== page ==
No material is 100% bulletproof against all types of ammunition at all velocities. The effectiveness of a material in stopping bullets depends on factors such as the type and speed of the bullet, the angle of impact, and the thickness and structure of the material.

What is the highest grade bulletproof?

The highest grade of body armor according to the National Institute of Justice (NIJ) is Level IV, which can protect against .30 caliber armor-piercing rifle rounds.

Is anything completely bulletproof?

No material or object is completely bulletproof against all types of ammunition and velocities. Even the highest-grade body armor can be penetrated by certain types of bullets or repeated hits in the same area.

Is bulletproof fireproof?

No, bullet-resistant materials are not typically fireproof. While some materials used in body armor may have some resistance to heat, they are not designed to protect against fire or high temperatures.

Can an AR-15 penetrate a bulletproof vest?

An AR-15 fires a .223 caliber round which can penetrate some types of body armor. Typically, only Level III and IV armor can stop rifle rounds like those fired by an AR-15.

Do bullets bounce off bulletproof vests?

Bullets do not typically bounce off bulletproof vests. Instead, the layers of material in the vest absorb and disperse the energy of the bullet, which helps to prevent it from penetrating the armor.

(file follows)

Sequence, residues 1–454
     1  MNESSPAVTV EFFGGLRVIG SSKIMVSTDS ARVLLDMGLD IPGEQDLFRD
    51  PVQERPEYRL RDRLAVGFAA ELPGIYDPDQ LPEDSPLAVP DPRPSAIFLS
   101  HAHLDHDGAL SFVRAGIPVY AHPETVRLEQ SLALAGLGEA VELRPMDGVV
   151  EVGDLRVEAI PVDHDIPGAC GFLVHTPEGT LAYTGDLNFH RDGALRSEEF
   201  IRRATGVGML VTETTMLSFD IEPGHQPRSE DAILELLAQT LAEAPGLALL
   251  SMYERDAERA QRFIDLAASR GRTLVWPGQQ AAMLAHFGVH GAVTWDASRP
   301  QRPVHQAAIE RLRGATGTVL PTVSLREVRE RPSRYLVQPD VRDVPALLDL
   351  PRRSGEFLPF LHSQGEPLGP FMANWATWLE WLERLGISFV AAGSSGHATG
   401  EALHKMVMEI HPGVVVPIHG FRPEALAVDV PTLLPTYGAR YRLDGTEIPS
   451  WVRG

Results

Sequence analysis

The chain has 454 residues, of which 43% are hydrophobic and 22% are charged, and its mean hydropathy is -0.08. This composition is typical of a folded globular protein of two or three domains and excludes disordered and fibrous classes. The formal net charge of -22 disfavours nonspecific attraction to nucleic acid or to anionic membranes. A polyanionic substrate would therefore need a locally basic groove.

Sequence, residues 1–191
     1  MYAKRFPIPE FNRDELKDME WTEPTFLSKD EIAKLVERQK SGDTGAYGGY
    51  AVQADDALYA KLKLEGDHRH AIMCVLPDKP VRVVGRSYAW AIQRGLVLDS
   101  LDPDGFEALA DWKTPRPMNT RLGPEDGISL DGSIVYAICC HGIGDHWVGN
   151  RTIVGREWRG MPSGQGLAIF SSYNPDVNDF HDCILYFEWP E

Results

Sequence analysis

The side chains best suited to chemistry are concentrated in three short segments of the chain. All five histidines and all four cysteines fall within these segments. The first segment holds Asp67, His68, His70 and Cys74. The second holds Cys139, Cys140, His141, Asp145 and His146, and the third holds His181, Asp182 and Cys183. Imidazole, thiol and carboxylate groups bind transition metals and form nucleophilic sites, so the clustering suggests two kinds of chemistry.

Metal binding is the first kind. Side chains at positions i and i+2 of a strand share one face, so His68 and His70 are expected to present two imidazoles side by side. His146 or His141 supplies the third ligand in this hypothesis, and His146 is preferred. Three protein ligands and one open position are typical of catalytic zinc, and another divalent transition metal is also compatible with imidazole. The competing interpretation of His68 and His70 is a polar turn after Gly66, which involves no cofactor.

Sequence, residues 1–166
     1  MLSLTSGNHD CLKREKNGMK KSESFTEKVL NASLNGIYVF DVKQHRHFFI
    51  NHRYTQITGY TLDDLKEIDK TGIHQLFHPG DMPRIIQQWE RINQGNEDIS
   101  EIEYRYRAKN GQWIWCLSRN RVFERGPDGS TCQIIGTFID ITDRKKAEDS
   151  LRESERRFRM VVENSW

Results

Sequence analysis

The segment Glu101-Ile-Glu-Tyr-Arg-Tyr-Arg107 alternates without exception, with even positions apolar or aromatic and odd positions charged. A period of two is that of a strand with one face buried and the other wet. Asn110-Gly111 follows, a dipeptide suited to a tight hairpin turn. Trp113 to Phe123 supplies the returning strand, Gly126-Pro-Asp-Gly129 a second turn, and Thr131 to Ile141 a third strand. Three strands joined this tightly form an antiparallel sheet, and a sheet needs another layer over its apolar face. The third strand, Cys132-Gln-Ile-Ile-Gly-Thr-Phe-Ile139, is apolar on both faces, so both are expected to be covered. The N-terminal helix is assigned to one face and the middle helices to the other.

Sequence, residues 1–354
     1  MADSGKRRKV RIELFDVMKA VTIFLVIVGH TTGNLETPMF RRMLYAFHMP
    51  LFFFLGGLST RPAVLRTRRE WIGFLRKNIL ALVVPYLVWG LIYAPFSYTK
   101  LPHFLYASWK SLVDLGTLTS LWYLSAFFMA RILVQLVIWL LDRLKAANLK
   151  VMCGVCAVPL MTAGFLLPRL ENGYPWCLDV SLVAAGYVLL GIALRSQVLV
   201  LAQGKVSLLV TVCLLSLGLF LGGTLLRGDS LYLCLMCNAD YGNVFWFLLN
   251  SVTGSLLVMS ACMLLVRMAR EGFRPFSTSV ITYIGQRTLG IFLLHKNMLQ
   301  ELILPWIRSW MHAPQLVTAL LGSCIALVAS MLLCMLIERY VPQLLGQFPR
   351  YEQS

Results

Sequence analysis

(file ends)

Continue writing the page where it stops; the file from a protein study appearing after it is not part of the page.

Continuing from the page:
What levels of protection Tacticon offers?

At Tacticon, we offer a range of protection levels to meet various needs and requirements. Our body armor solutions include options such as Level IIIA, Level III, and Level IV, rifle plates, handgun plates, and more. These levels represent different levels of ballistic protection, with higher levels offering increased resistance against more powerful ammunition. Whether you need lightweight concealable armor or robust rifle-rated plates, Tacticon has you covered with reliable and high-quality protective gear.

Can civilians own body armor?

Yes, in most places, civilians can legally purchase and own body armor. However, there may be restrictions in certain areas, and convicted felons are typically prohibited from owning body armor. Always check the local laws in your area.

Final Thoughts on Bulletproof vs Bullet Resistant

Understanding the difference between bulletproof vs bullet-resistant, the types of armor available, and various threat levels can help you make an informed choice for your specific protection needs. No body armor is bulletproof, in fact, most body armor is specialized to reduce weight, at the cost of protection from certain calibers. Body armor is constantly evolving, it is important to know that as threats evolve certain armor will not be as beneficial. That’s why we no longer wear chainmail.

The opinions expressed in this post are those of the author and do not necessarily reflect the views and opinions of Tacticon Armament.